The unveiling of President Clinton's stance on the proposed national tobacco deal leads at the Washington Post and is the top national story at the Los Angeles Times (and the second lead at the New York Times). Janet Reno's decision to shake up the Department of Justice team investigating campaign-finance irregularities leads at the NYT (and is on the front page at the WP). USA Today leads with a bull-market evergreen: "Good inflation news boosts stocks, bonds."
The Post says the Clinton tobacco stand is: yes to a national agreement, no to this one because it doesn't include steep enough penalties on cigarette makers for failing to meet targets for reducing teen smoking, and because he wants guarantees that the FDA will have broad authority to regulate nicotine. But (perhaps applying Lesson No. 1 from his stab at health care reform--he who takes the initiative has the most to lose) Clinton will not propose a bill with these features. Instead, aides say, he will wait for bills to emerge from Congress and try to influence them.
USAT's second lead states that, according to brand-new research, highly drug-resistant strains of bacteria that cause middle ear infections, sinusitis, and pneumonia are twice as common as they were a year ago. And the paper points to the most likely cause of the trend with its citation of a new Journal of the American Medical Association paper stating that doctors often prescribe antibiotics for colds and bronchitis caused by viruses even though antibiotics are ineffective against viruses. The story is also on the LAT front and inside at the WP. "We were surprised," the lead researcher for the JAMA paper tells the LAT, "that one in five antibiotics [was] prescribed for conditions that they don't even help." Could it be that this story, together with the fen-phen debacle, will focus national attention on promiscuous prescribing?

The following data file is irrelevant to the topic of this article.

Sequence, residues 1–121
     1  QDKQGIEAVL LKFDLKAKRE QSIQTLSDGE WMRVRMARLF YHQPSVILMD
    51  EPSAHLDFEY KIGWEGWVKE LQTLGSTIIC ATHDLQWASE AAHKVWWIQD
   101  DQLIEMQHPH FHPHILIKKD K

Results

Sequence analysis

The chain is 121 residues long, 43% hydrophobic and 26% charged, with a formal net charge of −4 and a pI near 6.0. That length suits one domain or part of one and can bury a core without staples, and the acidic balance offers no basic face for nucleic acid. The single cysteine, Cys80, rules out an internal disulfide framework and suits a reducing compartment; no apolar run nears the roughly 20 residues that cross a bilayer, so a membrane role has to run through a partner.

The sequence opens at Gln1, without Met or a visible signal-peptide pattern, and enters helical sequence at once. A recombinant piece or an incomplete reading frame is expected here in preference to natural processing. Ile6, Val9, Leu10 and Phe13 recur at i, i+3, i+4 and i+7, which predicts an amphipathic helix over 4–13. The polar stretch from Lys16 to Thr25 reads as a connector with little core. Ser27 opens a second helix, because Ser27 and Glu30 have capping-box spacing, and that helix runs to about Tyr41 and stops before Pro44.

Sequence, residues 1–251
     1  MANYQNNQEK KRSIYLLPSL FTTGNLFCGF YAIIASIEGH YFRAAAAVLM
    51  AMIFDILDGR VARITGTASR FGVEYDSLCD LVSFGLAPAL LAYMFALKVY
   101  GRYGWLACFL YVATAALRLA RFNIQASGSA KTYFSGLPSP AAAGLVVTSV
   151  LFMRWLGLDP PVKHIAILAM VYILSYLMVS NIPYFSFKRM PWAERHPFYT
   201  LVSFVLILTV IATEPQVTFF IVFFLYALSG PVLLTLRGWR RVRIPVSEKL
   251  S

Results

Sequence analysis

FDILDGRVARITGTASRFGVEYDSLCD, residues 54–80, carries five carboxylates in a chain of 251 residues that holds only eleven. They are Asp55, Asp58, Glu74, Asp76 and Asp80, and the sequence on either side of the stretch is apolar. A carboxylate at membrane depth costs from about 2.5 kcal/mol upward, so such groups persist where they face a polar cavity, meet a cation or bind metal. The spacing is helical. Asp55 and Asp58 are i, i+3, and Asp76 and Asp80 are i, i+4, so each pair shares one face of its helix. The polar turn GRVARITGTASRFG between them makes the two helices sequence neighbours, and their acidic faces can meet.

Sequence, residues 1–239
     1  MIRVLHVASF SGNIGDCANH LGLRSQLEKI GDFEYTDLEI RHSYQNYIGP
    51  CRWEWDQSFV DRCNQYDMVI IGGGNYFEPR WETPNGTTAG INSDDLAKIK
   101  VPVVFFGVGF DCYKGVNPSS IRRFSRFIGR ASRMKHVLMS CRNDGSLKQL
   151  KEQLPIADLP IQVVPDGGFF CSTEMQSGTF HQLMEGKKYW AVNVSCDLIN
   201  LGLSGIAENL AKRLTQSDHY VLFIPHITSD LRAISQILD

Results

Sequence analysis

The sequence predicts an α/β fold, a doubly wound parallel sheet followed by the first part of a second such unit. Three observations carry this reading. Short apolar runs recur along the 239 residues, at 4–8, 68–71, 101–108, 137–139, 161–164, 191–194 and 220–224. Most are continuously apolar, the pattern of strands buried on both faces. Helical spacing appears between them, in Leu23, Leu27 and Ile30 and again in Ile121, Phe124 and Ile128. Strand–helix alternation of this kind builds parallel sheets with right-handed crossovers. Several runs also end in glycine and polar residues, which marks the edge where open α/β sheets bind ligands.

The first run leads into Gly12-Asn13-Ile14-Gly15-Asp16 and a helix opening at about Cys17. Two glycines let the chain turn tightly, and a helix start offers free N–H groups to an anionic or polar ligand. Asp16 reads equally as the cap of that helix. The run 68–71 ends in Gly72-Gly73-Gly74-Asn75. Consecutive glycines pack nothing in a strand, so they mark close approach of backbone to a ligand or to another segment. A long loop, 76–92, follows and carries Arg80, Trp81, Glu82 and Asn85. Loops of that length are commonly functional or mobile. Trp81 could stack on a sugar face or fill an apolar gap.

The WP's inside-the-Beltway columnist Al Kamen brings news of a seminar being put on by a top D.C. PR firm, Burson-Marsteller. The purpose? To teach government officials how to avoid, override, and even take advantage of line-item-veto threats to their budgets. The firm says in its promotional copy that bureaucrats should strongly consider spending "taxpayer money" to attend.
This past summer, the NYT sounded a front-page alarm over the new-tax-law-driven expenses incurred by people selling luxury homes. Today it's the Wall Street Journal's turn to report on a nonpressing economic problem: "Confusion abounds," says the paper's "Tax Report," "as many financial advisers apparently aren't aware that the new tax law killed an excise tax that forced people with $1 million or more in retirement savings to carefully time withdrawals."
The NYT has an op-ed today by a medical school professor that lasers right into his profession's kuh-ching! mentality. It features multiple-choice questions with answers from a recent medical ethics exam given to interns and residents. A sample: "You receive regular surgical referrals from a colleague who is fellowship trained in nonsurgical sports medicine. He suggests that he should receive some reimbursement for these procedures. Which of the following payment arrangements is most acceptable? 1) Pay him an agreed amount per referral. 2) Pay him annually on a contractual basis. 3) Have him scrub [prepare for surgery] and bill an assistant's fee. 4) Share an office and you pay overhead. Or 5) Establish a private corporation, with both physicians on salary." The "correct" answer is 5). "The idea," observes the professor, "that you might tell a colleague that a patient has a right to expect that a doctor will send him to the best surgeon, and that the doctor's decision will not be based on whether he has a financial stake in the referral, is not even an option."